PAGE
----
Working all day without a break increases risk of anxiety and depression

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According to a recent survey by the Chartered Society of Physiotherapy in the UK, a quarter of the working population work all day without taking a break and this is posing a serious risk to their mental and physical health.

The survey involved more than 2,600 adults and an analysis of the results showed that one in four employees did not take a lunch break and this increases their risk of depression and anxiety as well as back pain, heart disease and even cancer.

Not only that, but more than 50 percent of the people surveyed went to work even though they were feeling stressed or ill.

So why are we putting our health at risk?

The reasons given by those who took part in the survey was either that they had too much work to do and didn’t have time to take a break, or because there were staff shortages.

Almost half of those involved in the survey said that they felt stressed at least once a week.

Stress isn’t always a bad thing, it can help us cope with challenging situations; however, prolonged stress can have a severe effect on our health and lead to an increased risk of depression and other health problems.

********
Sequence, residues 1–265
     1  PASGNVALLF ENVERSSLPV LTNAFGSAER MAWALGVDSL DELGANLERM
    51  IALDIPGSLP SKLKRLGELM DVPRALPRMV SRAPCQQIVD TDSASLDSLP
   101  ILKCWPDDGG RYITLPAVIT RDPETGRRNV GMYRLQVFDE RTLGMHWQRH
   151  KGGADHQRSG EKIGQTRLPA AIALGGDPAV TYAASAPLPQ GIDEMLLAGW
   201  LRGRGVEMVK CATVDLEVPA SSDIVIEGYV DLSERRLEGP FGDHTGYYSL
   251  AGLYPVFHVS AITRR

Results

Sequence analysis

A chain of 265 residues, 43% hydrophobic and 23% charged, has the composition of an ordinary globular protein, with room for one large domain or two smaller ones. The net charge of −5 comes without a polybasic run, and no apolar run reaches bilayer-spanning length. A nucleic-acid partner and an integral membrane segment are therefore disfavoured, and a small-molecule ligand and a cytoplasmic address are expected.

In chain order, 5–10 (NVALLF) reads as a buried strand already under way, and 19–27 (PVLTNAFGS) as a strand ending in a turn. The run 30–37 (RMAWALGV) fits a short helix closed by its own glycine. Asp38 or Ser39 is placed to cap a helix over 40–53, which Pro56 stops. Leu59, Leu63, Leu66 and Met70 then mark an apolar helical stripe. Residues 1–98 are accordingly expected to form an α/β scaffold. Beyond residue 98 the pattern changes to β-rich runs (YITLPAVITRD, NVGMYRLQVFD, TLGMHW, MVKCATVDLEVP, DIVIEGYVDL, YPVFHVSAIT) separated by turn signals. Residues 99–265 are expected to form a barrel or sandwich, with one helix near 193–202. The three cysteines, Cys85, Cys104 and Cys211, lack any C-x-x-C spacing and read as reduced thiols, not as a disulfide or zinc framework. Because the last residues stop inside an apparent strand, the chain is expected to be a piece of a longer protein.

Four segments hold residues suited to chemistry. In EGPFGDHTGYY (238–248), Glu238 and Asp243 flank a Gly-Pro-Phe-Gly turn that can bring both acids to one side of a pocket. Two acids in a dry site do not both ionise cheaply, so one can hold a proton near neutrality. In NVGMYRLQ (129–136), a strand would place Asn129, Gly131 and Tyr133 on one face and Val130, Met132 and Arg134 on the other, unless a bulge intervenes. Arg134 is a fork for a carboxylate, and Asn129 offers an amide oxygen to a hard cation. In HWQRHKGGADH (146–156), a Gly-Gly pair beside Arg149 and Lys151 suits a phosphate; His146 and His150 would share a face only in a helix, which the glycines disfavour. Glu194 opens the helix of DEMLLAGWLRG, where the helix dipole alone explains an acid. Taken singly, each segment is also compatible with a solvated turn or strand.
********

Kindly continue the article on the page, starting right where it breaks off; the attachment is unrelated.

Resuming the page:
“A certain level of pressure at work is of course desirable. However when the pressure people face exceeds their ability to cope – in other words stress – it is likely to lead to time off work and is linked to conditions such as depression, anxiety and heart disease” Ann Green, Chairman of the CSP told the BBC.

The CSP survey comes at the same time as new report from McCrindle Research which involved a survey of around 600 Australian workers.

The results of this survey were similar and showed that more than a quarter of the employees chose to work whilst eating their lunch and one in six skipped lunch altogether.

The researchers said there was a general trend towards overworking with more than a quarter of the employees working more than 50 hours a week.

The thing is, if workers took their breaks, not only would it reduce stress levels, it would improve productivity for their employers too.

Businesses are being advised to look out for staff who are overworked and who are missing out on breaks.

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